18 DNA sequencing continued In the tube containing ddatp, some percentage of newly synthesized molecules will get a ddatp in each place that there is a T in the template DNA. The result is a set of new DNA molecules in tube A, each of which ends in an A. A similar type of reaction occurs in the three other tubes to result in molecules that end in C, G, and T in tubes C, G, and T respectively. After the synthesis reactions are complete, the products of the four different tubes are loaded onto four adjacent lane of a polyacrylamide gel and the different fragments are separated by size. The sequencing gel is able to resolve fragments that differ in size from each other by only one base.

19 DNA sequencing continued After electrophoresis to separate the fragments by size, the fragments are visualized to exposing the gel to photographic film (Remember that one nucleotide was radioactively labeled). All fragments in lane A will end in an A, fragments in lane C will all end in a C, fragments in lane G will all end in a G, and fragments in lane T will all end in a T. The sequence of the DNA is read from the gel by starting at the bottom and reading upward.

20 Dideoxynucleoside Sequencing

21 Dideoxynucleoside Sequencing

22 Dideoxy DNA Sequencing

23 DNA sequencing

24 DNA sequencing Automated DNA sequencing in automated DNA sequencing a radioactive deoxynucleotide is not used and all four dideoxy reactions are done in a single tube. This is possible because each ddntps is labeled with a different flourescent dye. Therefore the dye present in each synthesized fragment corresponds to the dye attached to the dideoxynucleotide that was added to terminate the synthesis of that particular fragment. The contents of the single tube reaction are loaded onto a single lane of a gel and electrophoresis is done.

25 DNA Sequencing A flourimeter and computer are hooked up to the gel and they detect and record the dye attached to the fragments as they come off the gel. The sequence is determined by the order of the dyes coming off the gel.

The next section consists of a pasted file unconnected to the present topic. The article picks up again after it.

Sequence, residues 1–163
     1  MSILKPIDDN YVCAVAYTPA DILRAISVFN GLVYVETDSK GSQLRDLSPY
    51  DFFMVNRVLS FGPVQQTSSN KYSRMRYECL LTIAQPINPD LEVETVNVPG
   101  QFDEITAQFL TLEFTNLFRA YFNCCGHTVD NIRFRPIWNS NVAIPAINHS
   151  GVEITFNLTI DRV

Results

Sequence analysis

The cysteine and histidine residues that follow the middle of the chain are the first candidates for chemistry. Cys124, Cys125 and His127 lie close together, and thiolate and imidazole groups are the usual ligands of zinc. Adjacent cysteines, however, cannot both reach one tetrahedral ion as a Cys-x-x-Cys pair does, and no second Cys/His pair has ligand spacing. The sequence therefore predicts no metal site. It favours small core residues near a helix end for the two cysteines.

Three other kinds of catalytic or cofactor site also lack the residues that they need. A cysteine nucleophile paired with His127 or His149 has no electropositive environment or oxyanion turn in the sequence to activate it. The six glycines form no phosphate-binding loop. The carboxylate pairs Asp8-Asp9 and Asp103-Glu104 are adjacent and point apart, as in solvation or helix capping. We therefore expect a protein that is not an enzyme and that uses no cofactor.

26 Automated DNA sequencing

27 Dideoxynucleoside Sequencing

28 Genome Sequencing Approaches

29 Pyrosequencing Ronaghi M. Pyrosequencing sheds light on DNA sequencing. Genome Res 2001

30 Pyrosequencing - Solid Phase Ronaghi M. Pyrosequencing sheds light on DNA sequencing. Genome Res 2001

31 Pyrosequencing - Liquid Phase Ronaghi M. Pyrosequencing sheds light on DNA sequencing. Genome Res 2001

32 Pyrogram Ronaghi M. Pyrosequencing sheds light on DNA sequencing. Genome Res 2001

33 454 LifeSciences Sequencer

34 454 LifeSciences Sequencer - Process Overview

35 454 LifeSciences Sequencer - Process Overview

36 454 LifeSciences Sequencer

37 454 LifeSciences Sequencer

38 454 LifeSciences Sequencer

39 454 LifeSciences Sequencer

40 Solexa Sequencing

41 1976/79 First viral genome MS2/fX Mitochondrion Genome Projects 1982 First shotgun sequenced genome Bacteriophage lambda 1995 First prokaryotic genome H. influenzae 1996 First unicellular eukaryotic genome Yeast 1998 The first multicellular eukaryotic genome C.elegans 2000 Drosophila melanogaster 2000 Arabidopsis thaliana 2001 Human Genome 2002 Mouse Genome The Genome OnLine Database knows of 958 genome sequencing projects, of which 169 are completed

42 Favourite and Model Organisms Multicellular Animals Mammals Human Mouse Cow Dog Rat Chimp Pig Fish Puffer Fish Zebra Fish 3.5 Gb 3.2 Gb 3.0 Gb 2.8 Gb 3.1 Gb 3.5 Gb 3.0 Gb 0.4 Gb 1.9 Gb Birds Chicken 1.2 Gb Frog Xenopus Laevis 1.7 Gb Nematodes Caenorhabdites elegans 100 Mb Caenorhabdites briggsae 80 Mb Sea Urchin Strongylocentrotus purpuratus 800 Mb Insects Drosophila 165 Mb Honey Bee 270 Mb Yellow Fever Mosquito 780 Mb Malaria Mosquito 278 Mb Multicellular Plants Arabidopsis thaliana Rice 125 Mb 430 Mb Strachan and Read (2004) Chapter 8